PAUL FLEMING AGAINST THE PRESSPaul Fleming is upset about the way a reporter from The Press conducted a phone interview with his wife. He says his wife, who is French, spoke English but misunderstood the reporter's intent. Mr Fleming says the reporter failed to ensure his wife had 100 per cent understanding of what the interview would be used for. He is also concerned about the article’s potential to create problems for their small business.
The complaint is not upheld.
Mr Fleming and his wife, Martine Carpentier, operate a Christchurch shop selling tobacco products. A Press reporter phoned because of planned changes to New Zealand's tobacco laws. The call was prompted by the release of a report by Parliament's Maori affairs select committee.
The next day (November 4 2010) a report appeared in The Press quoting his wife's name and that of their shop. The one-paragraph reference to Ms Carpentier and the shop appeared at the end of a more substantive report about the select committee's findings.
Mr Fleming said his wife told the reporter English was her second language, yet the reporter did not make extra effort to ensure she "understood 100 per cent" or ask for her consent that her details be used.
Mr Fleming said that, during the call, his wife told the reporter three times that he (Mr Fleming) was the principal partner and that the reporter should speak to him. He said this should have happened as English is natural for him, whereas it was a second language for his wife. However, the reporter did not speak to him
"If Martine had been made fully aware that this was going to happen then she would never have allowed it, or only on condition of anonymity." He and his wife considered this "a gross breach of professionalism".
The story had no consideration for his wife's right to privacy and/or giving consent to having her name and details published without her express consent. Because of the anti-tobacco laws neither he nor his wife would have been willing to put their names or that of their shop to such a newspaper report.
"'Assumed' consent may, dubiously, be OK with native English speakers but definitely is totally inadequate with non-native speakers."
He said the newspaper report could create large problems for their small business because of stringent anti-tobacco laws, especially as far as advertising was concerned.
The Newspaper’s Response
Editor Andrew Holden said it was a routine phone interview. The reporter called, gave her name and that of The Press, and explained the purpose of the call. She asked Martine Carpentier if she were the owner and was told that she and her husband ran the shop. The reporter explained the select committee's proposal, which included making tobacco illegal by 2025, and asked what Ms Carpentier thought of the idea. The interview lasted a few minutes, Ms Carpentier spoke easily in English, and the reporter felt there was no language barrier.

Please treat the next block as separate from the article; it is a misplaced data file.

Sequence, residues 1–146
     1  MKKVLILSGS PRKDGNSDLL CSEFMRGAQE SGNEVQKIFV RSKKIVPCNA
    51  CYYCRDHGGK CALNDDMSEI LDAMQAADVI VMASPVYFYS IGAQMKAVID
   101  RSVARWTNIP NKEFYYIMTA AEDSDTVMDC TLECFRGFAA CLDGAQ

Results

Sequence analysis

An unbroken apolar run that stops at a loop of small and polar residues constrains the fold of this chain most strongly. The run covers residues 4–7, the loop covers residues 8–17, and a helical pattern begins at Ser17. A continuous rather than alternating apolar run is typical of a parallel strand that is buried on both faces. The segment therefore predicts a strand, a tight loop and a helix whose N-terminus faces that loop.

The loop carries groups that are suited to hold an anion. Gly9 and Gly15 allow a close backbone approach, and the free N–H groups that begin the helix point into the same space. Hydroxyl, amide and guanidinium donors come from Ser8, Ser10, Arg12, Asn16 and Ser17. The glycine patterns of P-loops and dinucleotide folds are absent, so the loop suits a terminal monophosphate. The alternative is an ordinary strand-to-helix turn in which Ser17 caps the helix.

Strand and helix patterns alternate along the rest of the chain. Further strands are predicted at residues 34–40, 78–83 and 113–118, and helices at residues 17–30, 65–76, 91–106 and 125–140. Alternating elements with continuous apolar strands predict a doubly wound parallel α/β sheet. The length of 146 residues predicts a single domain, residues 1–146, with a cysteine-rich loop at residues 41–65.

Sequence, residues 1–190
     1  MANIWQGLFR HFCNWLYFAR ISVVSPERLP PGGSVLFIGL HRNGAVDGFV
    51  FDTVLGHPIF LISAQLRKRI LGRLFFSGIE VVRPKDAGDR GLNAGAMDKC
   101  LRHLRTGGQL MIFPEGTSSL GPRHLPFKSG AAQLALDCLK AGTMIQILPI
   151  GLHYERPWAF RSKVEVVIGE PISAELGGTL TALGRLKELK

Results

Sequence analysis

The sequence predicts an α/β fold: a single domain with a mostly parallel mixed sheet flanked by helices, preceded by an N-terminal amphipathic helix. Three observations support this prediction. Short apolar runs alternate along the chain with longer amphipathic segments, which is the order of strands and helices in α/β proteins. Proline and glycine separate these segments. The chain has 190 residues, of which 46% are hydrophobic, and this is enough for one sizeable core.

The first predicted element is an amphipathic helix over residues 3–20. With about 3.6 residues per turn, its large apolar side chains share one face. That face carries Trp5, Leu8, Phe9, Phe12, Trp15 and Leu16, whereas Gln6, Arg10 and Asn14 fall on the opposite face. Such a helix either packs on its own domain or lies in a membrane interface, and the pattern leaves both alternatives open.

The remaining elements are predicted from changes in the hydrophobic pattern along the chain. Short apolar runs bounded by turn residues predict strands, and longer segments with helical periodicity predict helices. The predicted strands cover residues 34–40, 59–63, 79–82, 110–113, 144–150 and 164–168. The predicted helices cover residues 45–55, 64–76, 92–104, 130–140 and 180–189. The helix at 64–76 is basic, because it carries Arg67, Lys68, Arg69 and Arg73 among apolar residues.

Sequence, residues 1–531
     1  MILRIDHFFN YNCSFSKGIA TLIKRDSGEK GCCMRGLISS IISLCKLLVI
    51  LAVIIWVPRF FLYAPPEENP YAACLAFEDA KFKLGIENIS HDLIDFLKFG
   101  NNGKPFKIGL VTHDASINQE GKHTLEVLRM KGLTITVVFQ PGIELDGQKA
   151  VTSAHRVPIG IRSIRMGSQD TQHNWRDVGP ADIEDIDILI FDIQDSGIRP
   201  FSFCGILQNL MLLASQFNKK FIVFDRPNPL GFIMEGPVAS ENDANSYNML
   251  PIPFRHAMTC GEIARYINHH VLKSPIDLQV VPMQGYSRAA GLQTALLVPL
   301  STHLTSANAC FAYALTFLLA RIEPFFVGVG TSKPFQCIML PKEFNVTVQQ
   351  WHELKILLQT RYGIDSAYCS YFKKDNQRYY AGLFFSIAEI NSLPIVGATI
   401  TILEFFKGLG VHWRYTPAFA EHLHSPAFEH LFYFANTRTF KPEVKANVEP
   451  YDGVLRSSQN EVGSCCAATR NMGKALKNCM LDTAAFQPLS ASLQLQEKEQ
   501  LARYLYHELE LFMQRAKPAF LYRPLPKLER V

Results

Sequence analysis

Mr Holden said Ms Carpentier asked if the reporter wanted to speak to her husband and said that he would be back the next day. "The reporter replied that, because the report had been released that day, the newspaper would be running the story the next day."
The reporter then asked for the spelling of her name. (In previous e-mail correspondence with Mr Fleming, the newspaper said the reporter told her the story could not wait another day, and that Ms Carpentier had then spelt out her name.)
Mr Holden said the reporter's recollection was that Ms Carpentier never said the reporter had to speak to her husband, or that she did not want to be quoted, "or in any way indicated that she did not understand she was speaking to a journalist".
He did not believe The Press had acted unprofessionally. The resultant published material was an accurate and fair account of the conversation. Ms Carpentier's privacy and confidentiality were not breached and no discrimination was involved. The reporter had extensive experience of dealing with people for whom English was a second language.
Mr Fleming said the editor had avoided the main issue of whether the reporter had clearly and openly asked for consent for a quote to be used. Assent had been assumed, which was unprofessional and unethical.
Discussion and Decision
Mr Fleming says The Press should have taken greater pains to explain the purpose of the interview because English is not his wife's usual language. However, The Press says it was a routine interview, accurately reported, with the reporter correctly introducing herself and the newspaper, and explaining why comment was being sought. The reporter did not feel any language barrier was involved, as Ms Carpentier spoke easily in English. The reporter is also accustomed to talking to people for whom English is a second language (by no means common in New Zealand). No subterfuge was involved.
Mr Fleming says consent to the interview was "assumed" and is upset by that. However, Ms Carpentier spelt her name to the reporter, after being told the reporter needed comments then and could not wait till Mr Fleming would be available. There is no suggestion of any comments being made "off the record" or not for publication as would have been expected if Ms Carpentier did not want to be quoted.
The published reference to Ms Carpentier and the shop was also small and not the main thrust of the newspaper's report.
The Press appears to have carried out its duties in a responsible manner.
The complaint is not upheld.
Press Council members considering this complaint were Barry Paterson (Chairman), Pip Bruce Ferguson, Kate Coughlan, Chris Darlow, Sandy Gill, Penny Harding, Keith Lees, Clive Lind, John Roughan, Lynn Scott and Stephen Stewart.